It takes just four votes to grant review in an appeal. If the four most conservative Republicans — Chief Justice John Roberts and Justices Antonin Scalia, Clarence Thomas, and Samuel Alito — thought they had a chance of picking up the vote of Justice Anthony Kennedy, the DOMA majority opinion’s author, they would likely have voted to grant review in one or more of these cases. The four Democratic appointees — Justices Ginsburg, Stephen Breyer, Sonia Sotomayor, and Elena Kagan — presumably marriage equality supporters based on their DOMA votes, may agree with Ginsburg that there is no need to take up review unless and until a circuit split develops. We may never learn what Kennedy said in the court’s conference two weeks ago to persuade his colleagues to refrain from granting review. It seems a good bet, however, that he gave no hope to the Republicans that they were likely to get his vote.




A day after the Supreme Court’s “decision not to decide,” a unanimous three-judge panel of the Ninth Circuit Court of Appeals ruled in favor of marriage equality in cases from Nevada and Idaho. Writing for the panel, Circuit Judge Stephen Reinhardt, appointed to the court by Jimmy Carter, found the marriage bans fail to meet the heightened scrutiny standard the Ninth Circuit applies in reviewing sexual orientation discrimination claims. The panel upheld a favorable ruling in Idaho earlier this year and overturned a 2012 ruling against marriage equality in Nevada.

Nevada quickly fell into line with the ruling. GOP Governor Brian Sandoval early this year concluded Nevada’s marriage ban was no longer defensible, so the state did not argue on its behalf before the court of appeals, leaving its defense to an anti-marriage-equality group, the Coalition for the Protection of Marriage. The Coalition was allowed to step in when the state backed down from defense of its marriage ban, but it does not have legal authority under Nevada law to further appeal the case.

Idaho was a different story. There, Governor Butch Otter, also a Republican, authorized attorney Gene Schaerr, a Washington-based Supreme Court litigator, to file an emergency application for a stay pending appeal with the Ninth Circuit and with the Supreme Court. Justice Anthony Kennedy quickly granted the temporary stay on October 8. Schaerr’s application said Idaho would seek Supreme Court review and raised two questions — whether heightened scrutiny, a rigorous standard of judicial review, is appropriate in sexual orientation cases and whether bans on same-sex marriage are in fact sexual orientation discrimination. If the Ninth Circuit erred on either point, he argued, the Supreme Court could send the case back to the Ninth Circuit for reconsideration.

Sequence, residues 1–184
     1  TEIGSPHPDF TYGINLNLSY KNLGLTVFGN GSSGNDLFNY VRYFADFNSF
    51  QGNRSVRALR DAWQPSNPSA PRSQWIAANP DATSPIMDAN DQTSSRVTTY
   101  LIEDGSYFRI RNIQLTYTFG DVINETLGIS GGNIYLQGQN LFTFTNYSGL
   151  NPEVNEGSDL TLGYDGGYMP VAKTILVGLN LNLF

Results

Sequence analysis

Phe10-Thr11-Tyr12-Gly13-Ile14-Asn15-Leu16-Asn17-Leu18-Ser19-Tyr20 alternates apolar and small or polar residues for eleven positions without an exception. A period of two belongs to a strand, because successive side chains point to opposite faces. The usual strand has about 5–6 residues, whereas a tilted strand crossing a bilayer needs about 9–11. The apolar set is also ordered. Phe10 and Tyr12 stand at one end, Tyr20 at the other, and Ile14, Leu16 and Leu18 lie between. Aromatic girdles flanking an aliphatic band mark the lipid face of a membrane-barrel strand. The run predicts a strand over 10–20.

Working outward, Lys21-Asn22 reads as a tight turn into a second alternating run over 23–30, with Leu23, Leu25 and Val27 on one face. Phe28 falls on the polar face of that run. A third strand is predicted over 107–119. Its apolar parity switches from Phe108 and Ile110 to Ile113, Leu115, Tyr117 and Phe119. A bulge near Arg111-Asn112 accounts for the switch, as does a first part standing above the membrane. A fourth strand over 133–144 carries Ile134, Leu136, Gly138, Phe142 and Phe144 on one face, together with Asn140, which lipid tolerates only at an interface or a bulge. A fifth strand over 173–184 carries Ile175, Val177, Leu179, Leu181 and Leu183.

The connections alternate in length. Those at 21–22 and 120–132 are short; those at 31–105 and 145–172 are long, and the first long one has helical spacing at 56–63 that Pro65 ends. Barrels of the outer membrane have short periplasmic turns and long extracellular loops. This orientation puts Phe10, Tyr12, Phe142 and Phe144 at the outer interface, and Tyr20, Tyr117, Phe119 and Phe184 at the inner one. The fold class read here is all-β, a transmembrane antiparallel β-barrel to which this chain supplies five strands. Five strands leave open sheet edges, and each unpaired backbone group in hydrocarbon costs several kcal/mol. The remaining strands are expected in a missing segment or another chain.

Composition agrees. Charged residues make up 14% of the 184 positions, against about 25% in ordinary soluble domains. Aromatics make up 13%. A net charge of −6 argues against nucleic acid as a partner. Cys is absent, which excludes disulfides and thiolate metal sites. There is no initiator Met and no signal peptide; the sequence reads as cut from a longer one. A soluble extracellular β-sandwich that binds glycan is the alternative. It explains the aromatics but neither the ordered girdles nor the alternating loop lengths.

Otter’s hopes to buy time, however, were dashed soon enough. Kennedy received the plaintiffs’ response to Idaho’s petition on October 9, and a day later the full court, without comment, denied the request for a longer stay pending appeal. On October 13, the Ninth Circuit ordered that marriages begin on October 15. Otter vows to continue the state’s effort to challenge the Ninth Circuit order.

The Ninth Circuit’s use of heightened scrutiny dates only to this past January, in a case where the court concluded that last year’s ruling in the Defense of Marriage Act case effectively applied that standard by placing the burden on the federal government to justify its unequal treatment of legal same-sex marriages. Reinhardt did not offer a view on whether the marriage bans met the more customary and lenient standard of exhibiting at least some rational basis.

The high court’s refusal to grant Idaho officials a longer stay in pursuing an appeal is likely a relief to LGBT legal advocates. The state pointed out that heightened scrutiny was a different standard that those used in the other appellate rulings the Supreme Court let stand, a hook that could have led the high court to treat the Ninth Circuit differently.